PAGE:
Atlas is a robot built to save humanity. Or at least humans. Created by Boston Dynamics, the robotics wing of Google’s parent company Alphabet, Atlas began life as a DARPA rescue robot project. With a requirement that it be roughly human-shaped, much of the work on Atlas is about balance, with some early stumbles. Now that Atlas is much better at walking, it's moving on to simple tasks, like sweeping a warehouse. Last night, Boston Dynamics released video of a newer, smaller version of Atlas venturing into the world.
This new, smaller Atlas is just 5’9” and 180 lbs. It made friends in the wild.
Those contacts led quickly to a job at a warehouse.
Not everyone at the warehouse was happy to share a workplace with a robot.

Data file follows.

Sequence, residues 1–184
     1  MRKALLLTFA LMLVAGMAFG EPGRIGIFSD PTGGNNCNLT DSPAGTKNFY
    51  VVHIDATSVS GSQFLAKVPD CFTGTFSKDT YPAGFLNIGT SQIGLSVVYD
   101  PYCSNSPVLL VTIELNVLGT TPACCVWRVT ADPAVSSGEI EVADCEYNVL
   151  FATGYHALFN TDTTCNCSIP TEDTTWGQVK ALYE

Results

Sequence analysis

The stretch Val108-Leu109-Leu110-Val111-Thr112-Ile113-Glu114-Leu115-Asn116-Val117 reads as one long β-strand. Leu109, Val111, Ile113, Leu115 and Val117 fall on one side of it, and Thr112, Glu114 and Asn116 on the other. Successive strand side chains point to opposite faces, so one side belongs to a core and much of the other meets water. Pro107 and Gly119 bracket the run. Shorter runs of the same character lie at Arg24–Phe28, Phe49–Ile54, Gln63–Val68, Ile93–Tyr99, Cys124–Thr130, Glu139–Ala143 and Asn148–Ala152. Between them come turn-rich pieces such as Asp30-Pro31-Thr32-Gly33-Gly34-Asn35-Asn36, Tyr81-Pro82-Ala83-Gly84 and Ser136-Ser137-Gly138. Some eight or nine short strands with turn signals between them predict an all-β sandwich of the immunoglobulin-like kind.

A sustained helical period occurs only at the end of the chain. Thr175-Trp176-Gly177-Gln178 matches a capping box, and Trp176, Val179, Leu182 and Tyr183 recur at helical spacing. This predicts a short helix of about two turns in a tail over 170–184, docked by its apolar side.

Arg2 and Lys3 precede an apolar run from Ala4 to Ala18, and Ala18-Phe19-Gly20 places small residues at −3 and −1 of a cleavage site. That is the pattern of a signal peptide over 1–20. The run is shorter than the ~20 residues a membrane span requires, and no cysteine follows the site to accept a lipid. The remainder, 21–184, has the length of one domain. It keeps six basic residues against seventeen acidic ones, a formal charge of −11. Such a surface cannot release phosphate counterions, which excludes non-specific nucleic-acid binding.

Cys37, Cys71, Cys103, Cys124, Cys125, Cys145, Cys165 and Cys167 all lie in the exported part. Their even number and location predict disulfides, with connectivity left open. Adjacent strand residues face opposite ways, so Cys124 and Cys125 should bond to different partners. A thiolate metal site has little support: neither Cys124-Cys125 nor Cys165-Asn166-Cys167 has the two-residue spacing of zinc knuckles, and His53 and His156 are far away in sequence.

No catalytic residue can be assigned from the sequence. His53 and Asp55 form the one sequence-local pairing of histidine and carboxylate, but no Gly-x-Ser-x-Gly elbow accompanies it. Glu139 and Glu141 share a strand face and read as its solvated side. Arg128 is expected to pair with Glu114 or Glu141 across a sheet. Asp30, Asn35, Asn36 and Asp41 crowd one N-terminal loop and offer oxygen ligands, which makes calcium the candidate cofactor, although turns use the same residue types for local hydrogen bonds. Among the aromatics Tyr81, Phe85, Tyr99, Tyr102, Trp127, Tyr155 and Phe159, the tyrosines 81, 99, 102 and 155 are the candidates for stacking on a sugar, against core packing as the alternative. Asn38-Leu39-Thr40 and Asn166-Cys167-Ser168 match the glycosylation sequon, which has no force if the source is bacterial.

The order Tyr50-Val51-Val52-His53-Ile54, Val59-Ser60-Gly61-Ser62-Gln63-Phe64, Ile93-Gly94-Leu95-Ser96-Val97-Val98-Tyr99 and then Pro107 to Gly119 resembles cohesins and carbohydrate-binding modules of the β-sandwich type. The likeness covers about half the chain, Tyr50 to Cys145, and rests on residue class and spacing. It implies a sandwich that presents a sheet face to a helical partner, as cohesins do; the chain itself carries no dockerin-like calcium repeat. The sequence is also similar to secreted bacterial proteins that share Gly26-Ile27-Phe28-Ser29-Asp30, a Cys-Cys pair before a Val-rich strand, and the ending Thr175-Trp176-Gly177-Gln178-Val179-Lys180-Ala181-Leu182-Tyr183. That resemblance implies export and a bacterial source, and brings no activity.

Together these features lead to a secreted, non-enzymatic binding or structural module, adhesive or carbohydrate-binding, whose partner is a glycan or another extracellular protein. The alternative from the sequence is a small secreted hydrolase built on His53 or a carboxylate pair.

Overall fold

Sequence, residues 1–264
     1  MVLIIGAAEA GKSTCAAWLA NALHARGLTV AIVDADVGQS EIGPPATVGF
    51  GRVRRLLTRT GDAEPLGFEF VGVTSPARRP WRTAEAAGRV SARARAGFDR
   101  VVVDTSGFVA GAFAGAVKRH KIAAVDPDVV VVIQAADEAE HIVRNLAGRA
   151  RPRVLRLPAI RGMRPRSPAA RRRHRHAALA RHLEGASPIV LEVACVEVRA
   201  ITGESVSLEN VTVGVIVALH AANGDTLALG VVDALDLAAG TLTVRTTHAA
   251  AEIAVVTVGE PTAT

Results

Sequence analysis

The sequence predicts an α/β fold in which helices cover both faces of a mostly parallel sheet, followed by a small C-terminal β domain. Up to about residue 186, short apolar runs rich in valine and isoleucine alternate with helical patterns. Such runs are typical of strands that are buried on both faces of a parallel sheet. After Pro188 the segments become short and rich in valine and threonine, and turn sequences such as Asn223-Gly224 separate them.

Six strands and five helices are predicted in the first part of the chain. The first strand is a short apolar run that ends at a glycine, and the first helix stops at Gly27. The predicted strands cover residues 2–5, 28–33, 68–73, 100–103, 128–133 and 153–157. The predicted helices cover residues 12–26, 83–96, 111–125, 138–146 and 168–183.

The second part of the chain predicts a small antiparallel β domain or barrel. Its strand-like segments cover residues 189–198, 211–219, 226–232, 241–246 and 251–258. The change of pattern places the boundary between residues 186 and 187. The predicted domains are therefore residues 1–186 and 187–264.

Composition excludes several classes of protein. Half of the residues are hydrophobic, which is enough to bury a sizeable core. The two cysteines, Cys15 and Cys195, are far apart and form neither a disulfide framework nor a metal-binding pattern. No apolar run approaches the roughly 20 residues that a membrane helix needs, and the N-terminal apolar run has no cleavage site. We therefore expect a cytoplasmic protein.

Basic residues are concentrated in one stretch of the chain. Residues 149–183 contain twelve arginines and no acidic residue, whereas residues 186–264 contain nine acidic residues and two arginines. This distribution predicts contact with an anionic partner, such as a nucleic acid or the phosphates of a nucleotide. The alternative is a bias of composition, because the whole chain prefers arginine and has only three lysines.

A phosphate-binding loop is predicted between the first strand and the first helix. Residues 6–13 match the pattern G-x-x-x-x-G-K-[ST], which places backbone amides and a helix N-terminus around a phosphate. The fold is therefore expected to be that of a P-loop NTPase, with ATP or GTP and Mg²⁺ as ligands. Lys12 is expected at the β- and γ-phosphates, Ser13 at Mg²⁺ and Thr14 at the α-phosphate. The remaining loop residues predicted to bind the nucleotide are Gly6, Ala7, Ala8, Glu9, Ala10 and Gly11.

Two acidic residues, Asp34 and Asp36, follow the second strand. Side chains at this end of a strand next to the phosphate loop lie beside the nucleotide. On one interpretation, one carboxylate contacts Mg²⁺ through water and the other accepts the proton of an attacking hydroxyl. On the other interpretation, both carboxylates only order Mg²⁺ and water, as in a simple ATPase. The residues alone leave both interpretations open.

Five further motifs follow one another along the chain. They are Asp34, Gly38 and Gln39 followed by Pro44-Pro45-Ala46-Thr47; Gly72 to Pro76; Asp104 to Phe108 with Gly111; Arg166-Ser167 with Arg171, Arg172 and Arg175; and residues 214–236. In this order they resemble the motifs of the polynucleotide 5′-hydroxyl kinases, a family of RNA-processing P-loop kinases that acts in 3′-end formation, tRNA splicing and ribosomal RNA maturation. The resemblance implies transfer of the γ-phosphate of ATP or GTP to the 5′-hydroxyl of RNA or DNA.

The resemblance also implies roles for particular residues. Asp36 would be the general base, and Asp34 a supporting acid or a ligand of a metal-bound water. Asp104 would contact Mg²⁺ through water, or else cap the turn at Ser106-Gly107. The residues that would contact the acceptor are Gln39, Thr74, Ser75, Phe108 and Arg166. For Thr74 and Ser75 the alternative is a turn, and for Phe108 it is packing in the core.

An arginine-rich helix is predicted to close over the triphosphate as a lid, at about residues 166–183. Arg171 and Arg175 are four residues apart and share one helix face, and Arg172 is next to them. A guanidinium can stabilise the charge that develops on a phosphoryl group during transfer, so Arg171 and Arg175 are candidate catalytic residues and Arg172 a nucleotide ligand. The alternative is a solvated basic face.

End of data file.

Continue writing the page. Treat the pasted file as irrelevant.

Some people were, in fact, very unhappy.
Fortunately, Atlas was able to pick itself up and walk into a less-hostile environment.
It is more morally uncomfortable for the people watching what’s happening to the human-shaped machine than it is for the machine itself. And though the video looks like an anti-robot cruelty ad, the purpose of bullying Atlas was scientific. For the robot to function in a human environment, it needs to work through some fairly common human problems, like dropping a box, losing a box, getting shoved by a stranger, and falling down. A bipedal robot has to adapt to these circumstances, because it cannot rely on the real world being as kind and forgiving as a laboratory environment. Like Boston Dynamic’s BigDog before it, Atlas passes the “overcome cruelty” test with flying colors.
Watch the full video below: